- Treasure Map 是如何实现的
"Take 147 steps due north, turn 63 degrees clockwise, take 82 steps, ...". Most people don't realize how important accuracy is when following the directions on a pirate's treasure map. If you're even a tiny bit off at the start, you'll end up far away from the correct location at the end. Pirates therefore use very exact definitions. One step, for instance, has been defined by the 1670 Pirate Convention to be exactly two times the size of the wooden leg of Long John Silver, or 1.183 m in metricunits.
Captain Borbassa was thus not at all worried when he set sail to the treasure island, having a rope with knots in it, exactly one step apart, for accurately measuring distances. Of course he also brought his good old geotriangle, once given to him by his father when he was six years old.
However, on closer inspection of the map, he got an unpleasant surprise. The map was made by the famous captain Jack Magpie, who was notorious for including little gems into his directions.In this case, there were distances listed such as sqrt(33) steps. How do you measure that accurately? Fortunately, his first mate Pythagor came to the rescue. After puzzling for a few hours, he came up with the following solution: let pirate A go 4 steps into the perpendicular direction, and hold one end of the measuring rope there. Then pirate B goes into the desired direction while letting the rope slide through his fingers, until he is exactly 7 steps away from pirate A. Pythagor worked out a formula that states that pirate B has then traveled exactly sqrt(33) steps.
Captain Borbassa was impressed, but he revealed that there were more such distances on the map. Paranoid as he is, he refuses to let Pythagor see the map, or even tell him what other distances there are on it. They are all square roots of integers, that's all he gets to know. Only on the island itself will the captain reveal the numbers, and then he expects Pyhtagor to quickly work out the smallest two integer numbers of steps that can combine to create the desired distance, using the method described above.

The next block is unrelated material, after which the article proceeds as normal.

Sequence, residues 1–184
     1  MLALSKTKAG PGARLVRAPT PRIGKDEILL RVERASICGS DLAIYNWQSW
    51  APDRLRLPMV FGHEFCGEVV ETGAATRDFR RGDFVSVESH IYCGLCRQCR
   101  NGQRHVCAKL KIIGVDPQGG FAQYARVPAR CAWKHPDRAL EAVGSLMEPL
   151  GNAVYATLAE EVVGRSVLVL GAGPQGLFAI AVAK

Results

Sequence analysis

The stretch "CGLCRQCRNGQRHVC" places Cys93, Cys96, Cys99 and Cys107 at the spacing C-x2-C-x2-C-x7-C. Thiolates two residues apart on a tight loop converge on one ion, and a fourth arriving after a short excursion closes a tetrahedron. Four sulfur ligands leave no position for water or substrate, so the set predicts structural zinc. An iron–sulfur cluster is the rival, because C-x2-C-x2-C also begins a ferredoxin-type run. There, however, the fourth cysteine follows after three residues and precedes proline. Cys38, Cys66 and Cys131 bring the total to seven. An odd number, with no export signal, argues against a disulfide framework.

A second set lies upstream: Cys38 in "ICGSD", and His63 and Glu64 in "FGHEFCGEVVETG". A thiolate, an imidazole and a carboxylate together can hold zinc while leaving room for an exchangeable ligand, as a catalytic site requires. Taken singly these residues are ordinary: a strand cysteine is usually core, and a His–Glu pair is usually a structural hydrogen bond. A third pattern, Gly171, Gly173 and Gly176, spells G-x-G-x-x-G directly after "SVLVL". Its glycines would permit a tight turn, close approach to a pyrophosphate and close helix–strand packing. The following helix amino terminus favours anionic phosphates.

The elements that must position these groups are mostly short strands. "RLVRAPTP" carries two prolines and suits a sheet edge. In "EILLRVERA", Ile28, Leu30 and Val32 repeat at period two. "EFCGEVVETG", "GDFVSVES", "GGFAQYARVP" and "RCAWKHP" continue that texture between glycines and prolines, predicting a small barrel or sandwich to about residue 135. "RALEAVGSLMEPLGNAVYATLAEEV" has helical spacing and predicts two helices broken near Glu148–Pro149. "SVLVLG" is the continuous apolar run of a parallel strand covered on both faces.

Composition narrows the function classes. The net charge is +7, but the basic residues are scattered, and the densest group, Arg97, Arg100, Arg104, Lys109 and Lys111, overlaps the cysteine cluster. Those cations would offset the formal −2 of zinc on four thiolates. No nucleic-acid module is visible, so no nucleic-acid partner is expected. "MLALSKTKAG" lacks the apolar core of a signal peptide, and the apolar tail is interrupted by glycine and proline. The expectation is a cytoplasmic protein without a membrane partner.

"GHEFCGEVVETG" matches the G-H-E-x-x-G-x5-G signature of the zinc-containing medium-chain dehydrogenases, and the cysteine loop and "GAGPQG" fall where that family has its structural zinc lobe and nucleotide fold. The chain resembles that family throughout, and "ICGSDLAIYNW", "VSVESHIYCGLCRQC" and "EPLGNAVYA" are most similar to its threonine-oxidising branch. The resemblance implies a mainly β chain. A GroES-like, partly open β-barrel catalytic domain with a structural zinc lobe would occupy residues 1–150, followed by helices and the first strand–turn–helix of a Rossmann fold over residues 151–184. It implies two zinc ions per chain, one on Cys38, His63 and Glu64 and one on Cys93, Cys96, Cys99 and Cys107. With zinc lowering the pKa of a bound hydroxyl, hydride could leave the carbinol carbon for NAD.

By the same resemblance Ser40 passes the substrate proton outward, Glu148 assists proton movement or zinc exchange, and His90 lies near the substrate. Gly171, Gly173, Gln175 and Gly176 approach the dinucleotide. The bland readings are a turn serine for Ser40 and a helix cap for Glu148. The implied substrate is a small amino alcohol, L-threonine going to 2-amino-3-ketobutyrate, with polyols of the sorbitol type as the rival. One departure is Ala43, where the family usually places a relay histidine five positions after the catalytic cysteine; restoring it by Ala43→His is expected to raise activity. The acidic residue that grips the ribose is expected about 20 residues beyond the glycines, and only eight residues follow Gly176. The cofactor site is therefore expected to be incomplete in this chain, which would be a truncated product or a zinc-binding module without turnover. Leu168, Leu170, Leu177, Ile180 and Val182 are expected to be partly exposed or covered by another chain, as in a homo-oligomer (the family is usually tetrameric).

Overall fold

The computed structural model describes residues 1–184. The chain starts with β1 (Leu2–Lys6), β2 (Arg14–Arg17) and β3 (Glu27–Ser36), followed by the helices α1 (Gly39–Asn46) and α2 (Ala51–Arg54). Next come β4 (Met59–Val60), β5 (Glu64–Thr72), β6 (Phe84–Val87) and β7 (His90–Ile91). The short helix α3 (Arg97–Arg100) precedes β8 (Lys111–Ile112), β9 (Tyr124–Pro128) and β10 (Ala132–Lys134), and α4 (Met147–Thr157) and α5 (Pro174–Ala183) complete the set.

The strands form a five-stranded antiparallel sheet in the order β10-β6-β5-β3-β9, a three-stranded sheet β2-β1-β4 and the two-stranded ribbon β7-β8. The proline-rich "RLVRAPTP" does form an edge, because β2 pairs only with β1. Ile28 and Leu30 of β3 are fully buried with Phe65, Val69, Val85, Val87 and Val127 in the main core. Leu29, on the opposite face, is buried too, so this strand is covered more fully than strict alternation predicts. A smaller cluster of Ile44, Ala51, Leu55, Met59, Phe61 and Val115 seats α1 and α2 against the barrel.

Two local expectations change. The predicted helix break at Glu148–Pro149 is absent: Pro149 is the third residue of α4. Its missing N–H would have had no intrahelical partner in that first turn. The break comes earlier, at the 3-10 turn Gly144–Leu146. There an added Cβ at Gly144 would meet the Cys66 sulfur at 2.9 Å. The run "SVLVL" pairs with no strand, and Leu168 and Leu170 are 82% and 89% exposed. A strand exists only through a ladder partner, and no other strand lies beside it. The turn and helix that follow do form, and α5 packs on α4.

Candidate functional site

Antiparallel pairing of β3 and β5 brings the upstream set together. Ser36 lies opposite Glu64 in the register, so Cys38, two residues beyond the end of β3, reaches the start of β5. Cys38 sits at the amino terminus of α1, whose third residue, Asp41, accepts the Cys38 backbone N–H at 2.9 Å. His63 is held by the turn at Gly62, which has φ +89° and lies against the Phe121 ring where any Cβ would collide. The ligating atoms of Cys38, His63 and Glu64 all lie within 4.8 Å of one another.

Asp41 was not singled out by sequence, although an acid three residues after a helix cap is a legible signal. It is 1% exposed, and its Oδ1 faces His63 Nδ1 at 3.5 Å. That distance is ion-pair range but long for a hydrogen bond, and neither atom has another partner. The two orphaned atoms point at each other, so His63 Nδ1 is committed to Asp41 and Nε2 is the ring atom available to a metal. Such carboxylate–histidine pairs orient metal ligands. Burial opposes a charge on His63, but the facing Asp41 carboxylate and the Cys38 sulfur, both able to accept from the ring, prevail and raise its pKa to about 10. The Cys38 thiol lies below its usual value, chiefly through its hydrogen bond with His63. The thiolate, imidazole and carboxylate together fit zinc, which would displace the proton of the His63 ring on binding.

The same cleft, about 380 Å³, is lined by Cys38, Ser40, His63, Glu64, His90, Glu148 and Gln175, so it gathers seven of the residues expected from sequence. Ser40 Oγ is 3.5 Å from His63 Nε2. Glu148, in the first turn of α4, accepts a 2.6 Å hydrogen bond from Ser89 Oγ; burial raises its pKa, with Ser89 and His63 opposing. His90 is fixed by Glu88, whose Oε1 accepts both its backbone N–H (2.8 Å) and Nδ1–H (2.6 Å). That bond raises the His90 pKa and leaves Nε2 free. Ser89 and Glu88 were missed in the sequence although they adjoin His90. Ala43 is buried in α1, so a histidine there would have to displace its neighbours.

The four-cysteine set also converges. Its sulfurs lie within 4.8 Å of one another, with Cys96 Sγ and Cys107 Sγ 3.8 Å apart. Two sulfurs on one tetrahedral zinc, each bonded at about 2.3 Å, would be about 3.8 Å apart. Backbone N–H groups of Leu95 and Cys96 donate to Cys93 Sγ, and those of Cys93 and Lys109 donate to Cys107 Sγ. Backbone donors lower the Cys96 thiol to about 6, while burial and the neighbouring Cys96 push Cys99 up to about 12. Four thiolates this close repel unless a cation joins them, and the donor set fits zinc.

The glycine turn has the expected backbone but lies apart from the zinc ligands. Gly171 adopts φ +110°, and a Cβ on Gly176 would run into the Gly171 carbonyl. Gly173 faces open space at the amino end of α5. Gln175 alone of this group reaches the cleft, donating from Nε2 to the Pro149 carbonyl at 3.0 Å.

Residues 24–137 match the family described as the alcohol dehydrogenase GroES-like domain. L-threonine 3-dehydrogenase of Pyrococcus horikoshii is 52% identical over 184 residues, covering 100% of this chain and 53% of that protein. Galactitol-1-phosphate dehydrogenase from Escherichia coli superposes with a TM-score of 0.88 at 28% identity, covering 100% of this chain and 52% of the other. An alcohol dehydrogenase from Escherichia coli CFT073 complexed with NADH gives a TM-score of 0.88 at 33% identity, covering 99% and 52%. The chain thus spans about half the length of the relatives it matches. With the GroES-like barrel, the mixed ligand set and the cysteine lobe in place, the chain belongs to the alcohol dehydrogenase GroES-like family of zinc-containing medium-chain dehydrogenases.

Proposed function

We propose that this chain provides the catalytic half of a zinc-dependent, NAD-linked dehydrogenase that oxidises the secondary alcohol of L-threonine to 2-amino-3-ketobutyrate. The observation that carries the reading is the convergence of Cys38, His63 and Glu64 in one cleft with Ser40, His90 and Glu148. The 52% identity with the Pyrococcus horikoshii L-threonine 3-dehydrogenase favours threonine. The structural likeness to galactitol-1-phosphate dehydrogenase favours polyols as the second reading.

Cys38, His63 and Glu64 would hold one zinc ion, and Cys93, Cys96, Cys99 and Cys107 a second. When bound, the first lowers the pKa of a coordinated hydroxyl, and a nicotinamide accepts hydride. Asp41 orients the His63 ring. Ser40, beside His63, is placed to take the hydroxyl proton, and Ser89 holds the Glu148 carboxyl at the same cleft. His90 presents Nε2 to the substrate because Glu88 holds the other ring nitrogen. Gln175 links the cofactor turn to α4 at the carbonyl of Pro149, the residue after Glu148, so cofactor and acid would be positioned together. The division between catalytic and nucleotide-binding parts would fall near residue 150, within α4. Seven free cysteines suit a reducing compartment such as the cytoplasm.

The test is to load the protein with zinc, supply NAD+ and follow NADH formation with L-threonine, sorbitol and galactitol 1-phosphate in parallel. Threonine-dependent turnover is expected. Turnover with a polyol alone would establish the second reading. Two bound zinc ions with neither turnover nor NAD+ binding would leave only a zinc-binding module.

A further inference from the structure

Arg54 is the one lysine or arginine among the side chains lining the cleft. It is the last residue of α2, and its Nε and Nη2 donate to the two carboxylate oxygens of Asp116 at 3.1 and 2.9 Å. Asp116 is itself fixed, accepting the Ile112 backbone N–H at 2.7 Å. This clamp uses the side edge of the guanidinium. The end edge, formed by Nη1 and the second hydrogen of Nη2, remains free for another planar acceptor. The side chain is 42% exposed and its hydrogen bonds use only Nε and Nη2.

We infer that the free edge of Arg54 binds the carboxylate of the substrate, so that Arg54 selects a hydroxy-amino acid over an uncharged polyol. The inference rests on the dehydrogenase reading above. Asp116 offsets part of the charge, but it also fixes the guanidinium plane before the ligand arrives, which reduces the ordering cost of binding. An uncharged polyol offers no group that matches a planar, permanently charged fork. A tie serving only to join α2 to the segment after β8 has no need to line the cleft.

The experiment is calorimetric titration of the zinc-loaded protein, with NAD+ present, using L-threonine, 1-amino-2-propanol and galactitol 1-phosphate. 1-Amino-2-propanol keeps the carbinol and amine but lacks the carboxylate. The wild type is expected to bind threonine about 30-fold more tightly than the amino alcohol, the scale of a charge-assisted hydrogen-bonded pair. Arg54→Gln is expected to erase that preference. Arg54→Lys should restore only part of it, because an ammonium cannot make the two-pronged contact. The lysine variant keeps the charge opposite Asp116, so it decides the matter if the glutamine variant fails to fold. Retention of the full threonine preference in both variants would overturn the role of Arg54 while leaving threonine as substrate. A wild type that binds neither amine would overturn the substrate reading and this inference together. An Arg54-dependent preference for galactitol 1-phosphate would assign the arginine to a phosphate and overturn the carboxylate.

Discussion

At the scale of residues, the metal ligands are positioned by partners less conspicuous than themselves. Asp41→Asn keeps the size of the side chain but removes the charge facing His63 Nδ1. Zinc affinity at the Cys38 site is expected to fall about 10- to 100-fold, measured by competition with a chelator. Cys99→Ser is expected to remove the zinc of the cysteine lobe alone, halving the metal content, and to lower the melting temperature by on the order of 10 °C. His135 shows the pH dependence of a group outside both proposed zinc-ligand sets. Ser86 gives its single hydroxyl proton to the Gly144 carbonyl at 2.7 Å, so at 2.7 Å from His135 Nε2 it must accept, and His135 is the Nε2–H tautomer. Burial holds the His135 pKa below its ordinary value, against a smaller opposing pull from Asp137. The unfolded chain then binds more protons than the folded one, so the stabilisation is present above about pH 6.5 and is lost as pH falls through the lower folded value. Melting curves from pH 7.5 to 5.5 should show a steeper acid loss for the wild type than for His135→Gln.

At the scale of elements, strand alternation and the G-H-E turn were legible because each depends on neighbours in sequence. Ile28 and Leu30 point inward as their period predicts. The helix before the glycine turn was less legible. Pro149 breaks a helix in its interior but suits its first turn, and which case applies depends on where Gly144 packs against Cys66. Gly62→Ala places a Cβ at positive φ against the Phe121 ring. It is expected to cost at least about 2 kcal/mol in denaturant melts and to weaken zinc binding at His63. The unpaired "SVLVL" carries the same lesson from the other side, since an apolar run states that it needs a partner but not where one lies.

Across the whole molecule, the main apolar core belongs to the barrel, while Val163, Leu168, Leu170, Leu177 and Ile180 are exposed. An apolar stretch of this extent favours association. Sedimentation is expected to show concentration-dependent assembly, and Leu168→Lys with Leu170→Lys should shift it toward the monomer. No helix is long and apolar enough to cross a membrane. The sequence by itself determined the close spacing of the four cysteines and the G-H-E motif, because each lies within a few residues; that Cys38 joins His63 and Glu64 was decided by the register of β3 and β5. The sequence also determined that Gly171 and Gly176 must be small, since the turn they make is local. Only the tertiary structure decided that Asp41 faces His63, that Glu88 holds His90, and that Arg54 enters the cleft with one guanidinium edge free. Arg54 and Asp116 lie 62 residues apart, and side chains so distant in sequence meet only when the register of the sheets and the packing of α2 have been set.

Pythagor knows this is not easy, so he has asked your help. Can you help him by writing a program that can determine these two integers quickly? By the way, he did ask the captain how large the numbers inside the square root could get, and the captain replied "one billion". He was probably exaggerating, but you'd better make sure the program works.
If you can successfully help the pirates, you'll get a share of the treasure. It might be gold, it might be silver, or it might even be... a treasure map!
The first line of the input contains a single number: the number of test cases to follow. Each test case has the following format:
1.One line with one integer N, satisfying 1 <= N <= 10^9.
For every test case in the input, the output should contain two nonnegative integers, separated by a space, on a single line: the distance pirate A needs to head in the perpendicular direction, and the final distance between pirate A and B, such that pirate B has traveled sqrt(N) steps. If there are multiple solutions, give the one with the smallest numbers. If there are no solutions, the output should be "IMPOSSIBLE" (without the quotation marks) on a single line.